Sermon for the 3rd Sunday of Advent

Isaiah 35:1-10
Psalm 146:5-10
James 5:7-10
Matthew 11:2-11

So my wife’s cousin is visiting from Hong Kong, and much like Santa Claus, she came into town bearing gifts.  Not for my wife or me, mind you, but for our kids… of course.  This isn’t uncommon for them to get gifts from our visitors, but this time my keen sense of observation noticed that they were in Christmas wrap and so my uncanny deductive reasoning told me that these were in fact Christmas gifts, and not just the normal, “hey good to see you, strange kids that I barely ever see” gifts, and so I instructed my offspring to not rip them open right away as they normally would, but to put them under our recently erected tree and they can open them on Christmas Day.

And to that, my wife’s cousin looked at me funny and said, “don’t you mean Boxing Day?”  Then it was my turn to look at her funny and said, “noooo… I mean Christmas Day.”  And this is how I learned that apparently in Hong Kong no one opens gifts on Christmas Day but on Boxing Day, because that is when you open your “boxes”.  Yeah, I know, mind blown a little bit.

Then I had the privilege to explain to her that for us, Boxing Day used to be the day that we’d take all the stuff that you got for Christmas that you don’t want back to the store and exchange them for actual good stuff.  You know, like store credit.

And then it was her turn to have her mind blown.  She was dismayed that we strange Westerners would actually return or exchange gifts that we’ve received, rather than just appreciating the thought and perhaps re-gifting them later.  But the thing is, we want what we want, don’t we?  And to make it easier for others, we often produce these wish lists of what we want for Christmas and birthdays so we can get that “perfect gift”, or we receive gift cards that take out the guess work for those of us who don’t have lists, but still everything (except gift cards) has to come with a gift receipt.

Because in our world it seems, if what we get isn’t exactly what we want, then it goes back. Yay, Boxing Day.

I wonder if John the Baptizer, sitting there in his jail cell, wishes he had some sort of Boxing Day where he could return Messiahs and Saviours.  A quick background to this story: John had called King Herod out for being a bit on the unscrupulous side in a way kings of those days seem to do a lot, through misogyny, murder, and inter-marital relations.  Of course, King Herod being king didn’t like that so he had John thrown in jail.  John, just doing what he thought was right, was wondering when this Messiah, this One who is to come, this power baptizing with fire and the Holy Spirit that he was preparing the way for in last week’s text, was going to come and break him out of jail.  But that didn’t happen (and spoiler alert: it won’t).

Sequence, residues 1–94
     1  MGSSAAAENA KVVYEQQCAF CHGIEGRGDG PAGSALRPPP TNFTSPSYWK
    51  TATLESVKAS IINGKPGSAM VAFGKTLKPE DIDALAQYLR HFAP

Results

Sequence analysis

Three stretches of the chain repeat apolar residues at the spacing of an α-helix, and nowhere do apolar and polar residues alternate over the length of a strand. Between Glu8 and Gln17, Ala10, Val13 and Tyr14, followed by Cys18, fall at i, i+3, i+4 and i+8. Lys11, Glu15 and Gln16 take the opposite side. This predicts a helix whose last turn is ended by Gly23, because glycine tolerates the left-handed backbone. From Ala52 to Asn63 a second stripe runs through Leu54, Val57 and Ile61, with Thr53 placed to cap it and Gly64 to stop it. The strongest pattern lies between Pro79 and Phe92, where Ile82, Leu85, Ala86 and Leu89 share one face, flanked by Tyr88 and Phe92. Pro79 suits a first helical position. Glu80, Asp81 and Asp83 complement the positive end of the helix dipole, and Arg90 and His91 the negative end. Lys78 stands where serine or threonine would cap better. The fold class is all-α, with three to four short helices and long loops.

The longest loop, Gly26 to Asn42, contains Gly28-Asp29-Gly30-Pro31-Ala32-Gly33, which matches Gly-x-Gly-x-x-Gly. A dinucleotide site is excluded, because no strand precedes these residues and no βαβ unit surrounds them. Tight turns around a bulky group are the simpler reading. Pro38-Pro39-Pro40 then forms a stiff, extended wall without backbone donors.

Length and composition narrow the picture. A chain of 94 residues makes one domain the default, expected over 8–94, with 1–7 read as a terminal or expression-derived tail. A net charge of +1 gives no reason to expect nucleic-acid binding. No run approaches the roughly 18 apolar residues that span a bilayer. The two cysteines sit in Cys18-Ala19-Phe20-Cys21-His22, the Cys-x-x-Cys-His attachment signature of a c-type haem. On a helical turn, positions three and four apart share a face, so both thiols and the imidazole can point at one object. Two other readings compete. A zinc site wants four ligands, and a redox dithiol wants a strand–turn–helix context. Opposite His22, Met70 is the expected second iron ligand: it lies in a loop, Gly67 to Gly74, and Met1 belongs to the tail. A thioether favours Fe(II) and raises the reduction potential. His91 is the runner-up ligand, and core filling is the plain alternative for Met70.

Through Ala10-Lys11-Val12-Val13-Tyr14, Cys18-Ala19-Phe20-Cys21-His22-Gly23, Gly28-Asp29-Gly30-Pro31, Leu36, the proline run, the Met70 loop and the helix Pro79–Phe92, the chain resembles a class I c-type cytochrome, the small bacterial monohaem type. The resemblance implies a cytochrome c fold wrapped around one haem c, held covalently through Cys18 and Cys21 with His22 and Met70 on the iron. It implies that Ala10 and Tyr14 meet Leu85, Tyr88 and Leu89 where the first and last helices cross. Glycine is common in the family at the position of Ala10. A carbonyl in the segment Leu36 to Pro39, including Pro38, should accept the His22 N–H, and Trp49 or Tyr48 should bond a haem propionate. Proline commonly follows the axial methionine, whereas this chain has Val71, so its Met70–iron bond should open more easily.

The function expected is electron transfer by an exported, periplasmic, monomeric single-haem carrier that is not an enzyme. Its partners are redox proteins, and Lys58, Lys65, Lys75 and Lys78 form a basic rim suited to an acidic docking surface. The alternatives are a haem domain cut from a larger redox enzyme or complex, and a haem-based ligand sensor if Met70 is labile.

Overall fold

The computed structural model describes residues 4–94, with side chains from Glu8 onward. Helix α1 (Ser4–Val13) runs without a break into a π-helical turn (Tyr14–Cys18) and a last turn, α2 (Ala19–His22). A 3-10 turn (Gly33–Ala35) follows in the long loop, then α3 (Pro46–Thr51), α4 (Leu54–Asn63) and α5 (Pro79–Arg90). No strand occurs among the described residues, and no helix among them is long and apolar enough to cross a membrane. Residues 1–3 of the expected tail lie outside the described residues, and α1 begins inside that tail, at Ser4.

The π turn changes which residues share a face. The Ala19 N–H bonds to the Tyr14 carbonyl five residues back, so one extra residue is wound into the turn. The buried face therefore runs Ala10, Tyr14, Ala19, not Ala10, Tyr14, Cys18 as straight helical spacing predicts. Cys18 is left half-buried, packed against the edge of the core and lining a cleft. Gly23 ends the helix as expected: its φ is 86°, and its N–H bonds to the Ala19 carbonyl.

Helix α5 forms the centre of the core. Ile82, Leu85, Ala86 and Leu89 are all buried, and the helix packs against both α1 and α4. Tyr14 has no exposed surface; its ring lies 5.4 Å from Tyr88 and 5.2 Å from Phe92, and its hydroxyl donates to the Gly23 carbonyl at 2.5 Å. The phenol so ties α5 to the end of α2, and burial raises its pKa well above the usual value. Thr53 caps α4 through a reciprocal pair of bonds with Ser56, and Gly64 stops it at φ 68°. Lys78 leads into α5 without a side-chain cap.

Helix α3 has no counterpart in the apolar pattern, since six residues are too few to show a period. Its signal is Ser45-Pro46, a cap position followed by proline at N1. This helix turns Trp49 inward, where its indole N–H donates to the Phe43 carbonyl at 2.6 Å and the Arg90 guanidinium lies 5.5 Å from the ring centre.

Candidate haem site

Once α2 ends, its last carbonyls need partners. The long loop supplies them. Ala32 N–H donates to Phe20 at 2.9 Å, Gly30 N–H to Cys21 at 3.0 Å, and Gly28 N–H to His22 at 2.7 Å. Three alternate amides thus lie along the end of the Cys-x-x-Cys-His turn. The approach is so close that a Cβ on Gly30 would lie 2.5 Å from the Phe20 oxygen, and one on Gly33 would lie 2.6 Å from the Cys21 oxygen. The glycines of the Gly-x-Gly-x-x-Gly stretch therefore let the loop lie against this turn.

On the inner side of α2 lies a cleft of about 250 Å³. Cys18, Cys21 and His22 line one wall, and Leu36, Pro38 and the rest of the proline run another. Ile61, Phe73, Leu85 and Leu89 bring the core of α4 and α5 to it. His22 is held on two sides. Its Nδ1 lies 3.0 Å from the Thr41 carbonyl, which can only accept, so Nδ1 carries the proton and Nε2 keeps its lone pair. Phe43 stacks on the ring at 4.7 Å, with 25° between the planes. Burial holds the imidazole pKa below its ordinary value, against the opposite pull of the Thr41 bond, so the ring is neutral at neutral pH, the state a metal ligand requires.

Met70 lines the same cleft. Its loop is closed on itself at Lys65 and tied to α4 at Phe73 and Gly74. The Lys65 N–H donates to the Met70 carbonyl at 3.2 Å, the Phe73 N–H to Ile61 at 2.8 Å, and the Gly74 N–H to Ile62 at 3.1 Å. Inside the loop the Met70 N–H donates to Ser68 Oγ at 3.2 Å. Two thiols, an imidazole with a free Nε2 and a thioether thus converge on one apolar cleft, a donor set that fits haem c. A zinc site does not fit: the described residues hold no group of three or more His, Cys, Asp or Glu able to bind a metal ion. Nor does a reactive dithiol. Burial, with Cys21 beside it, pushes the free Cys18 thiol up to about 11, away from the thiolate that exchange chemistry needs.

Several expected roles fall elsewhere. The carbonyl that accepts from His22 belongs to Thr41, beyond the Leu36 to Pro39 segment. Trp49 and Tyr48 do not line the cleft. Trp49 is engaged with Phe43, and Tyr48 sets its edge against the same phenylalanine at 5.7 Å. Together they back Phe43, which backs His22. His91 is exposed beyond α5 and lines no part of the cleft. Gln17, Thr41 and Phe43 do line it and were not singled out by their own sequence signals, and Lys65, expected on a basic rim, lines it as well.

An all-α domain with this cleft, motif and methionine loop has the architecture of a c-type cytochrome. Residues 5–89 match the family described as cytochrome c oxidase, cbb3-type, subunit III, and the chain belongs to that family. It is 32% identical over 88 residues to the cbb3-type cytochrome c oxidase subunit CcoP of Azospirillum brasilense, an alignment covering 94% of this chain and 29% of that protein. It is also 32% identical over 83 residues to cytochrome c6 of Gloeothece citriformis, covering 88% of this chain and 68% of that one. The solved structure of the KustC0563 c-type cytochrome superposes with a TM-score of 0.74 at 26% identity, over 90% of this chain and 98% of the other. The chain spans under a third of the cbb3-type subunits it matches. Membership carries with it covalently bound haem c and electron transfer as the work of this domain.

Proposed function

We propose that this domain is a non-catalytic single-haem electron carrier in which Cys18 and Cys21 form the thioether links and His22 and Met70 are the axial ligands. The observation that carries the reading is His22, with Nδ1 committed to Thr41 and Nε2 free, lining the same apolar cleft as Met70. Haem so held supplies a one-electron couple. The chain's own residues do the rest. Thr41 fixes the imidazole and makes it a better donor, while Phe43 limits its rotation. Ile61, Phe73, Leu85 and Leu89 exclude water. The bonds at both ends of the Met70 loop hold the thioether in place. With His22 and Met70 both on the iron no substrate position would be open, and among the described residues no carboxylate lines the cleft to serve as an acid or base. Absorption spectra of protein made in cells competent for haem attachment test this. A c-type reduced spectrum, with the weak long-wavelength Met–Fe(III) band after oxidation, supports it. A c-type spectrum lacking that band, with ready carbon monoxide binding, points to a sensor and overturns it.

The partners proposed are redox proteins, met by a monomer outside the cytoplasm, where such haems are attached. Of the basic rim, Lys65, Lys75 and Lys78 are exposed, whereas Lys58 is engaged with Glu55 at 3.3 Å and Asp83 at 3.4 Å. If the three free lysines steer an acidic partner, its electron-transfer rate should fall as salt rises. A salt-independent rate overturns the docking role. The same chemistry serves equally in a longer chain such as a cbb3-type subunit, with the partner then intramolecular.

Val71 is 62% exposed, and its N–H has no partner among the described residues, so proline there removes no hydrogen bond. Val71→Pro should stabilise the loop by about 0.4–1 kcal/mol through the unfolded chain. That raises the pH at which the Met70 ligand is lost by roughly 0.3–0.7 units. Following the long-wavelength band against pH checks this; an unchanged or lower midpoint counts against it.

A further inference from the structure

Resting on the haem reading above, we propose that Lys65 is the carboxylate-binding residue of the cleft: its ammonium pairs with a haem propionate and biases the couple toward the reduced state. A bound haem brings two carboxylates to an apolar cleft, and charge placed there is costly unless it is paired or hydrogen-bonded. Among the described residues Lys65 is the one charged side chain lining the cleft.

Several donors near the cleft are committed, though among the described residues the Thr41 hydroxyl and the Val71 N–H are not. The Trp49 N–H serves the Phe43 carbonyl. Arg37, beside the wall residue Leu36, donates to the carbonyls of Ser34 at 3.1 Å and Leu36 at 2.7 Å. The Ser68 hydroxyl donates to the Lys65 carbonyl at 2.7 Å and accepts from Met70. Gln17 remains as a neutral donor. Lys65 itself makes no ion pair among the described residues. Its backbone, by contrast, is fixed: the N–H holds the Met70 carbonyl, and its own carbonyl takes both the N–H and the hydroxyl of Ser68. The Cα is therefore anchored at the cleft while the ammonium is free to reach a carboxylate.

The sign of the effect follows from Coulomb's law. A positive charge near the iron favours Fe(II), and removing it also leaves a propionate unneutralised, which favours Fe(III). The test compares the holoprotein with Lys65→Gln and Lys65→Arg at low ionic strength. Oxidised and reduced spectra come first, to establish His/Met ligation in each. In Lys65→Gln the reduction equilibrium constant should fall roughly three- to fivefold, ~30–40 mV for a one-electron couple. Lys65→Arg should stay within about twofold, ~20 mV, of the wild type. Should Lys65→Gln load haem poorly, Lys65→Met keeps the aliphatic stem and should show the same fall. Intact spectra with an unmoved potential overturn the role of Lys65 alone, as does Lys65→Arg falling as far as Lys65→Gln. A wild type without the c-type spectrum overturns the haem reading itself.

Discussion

I mean, where is the justice?  Where is the freedom for the captives?  Where is the militaristic might that we’ve come to expect from the one we believe to be our Saviour?  Shouldn’t we, the ones on this Messiah’s side, be busy showing our might, flexing our muscles, and putting up walls in hopes of making Israel great again?  C’mon, what kind of a Messiah are you?

“Are you the one who is to come, or are we to wait for another?”  Because really, Jesus, you aren’t what we expected, doing what we expected, or saving anyone that we expected… like say, John sitting in the slammer.  So John is having his doubts that this guy Jesus is actually the Jesus he’s been looking forward to.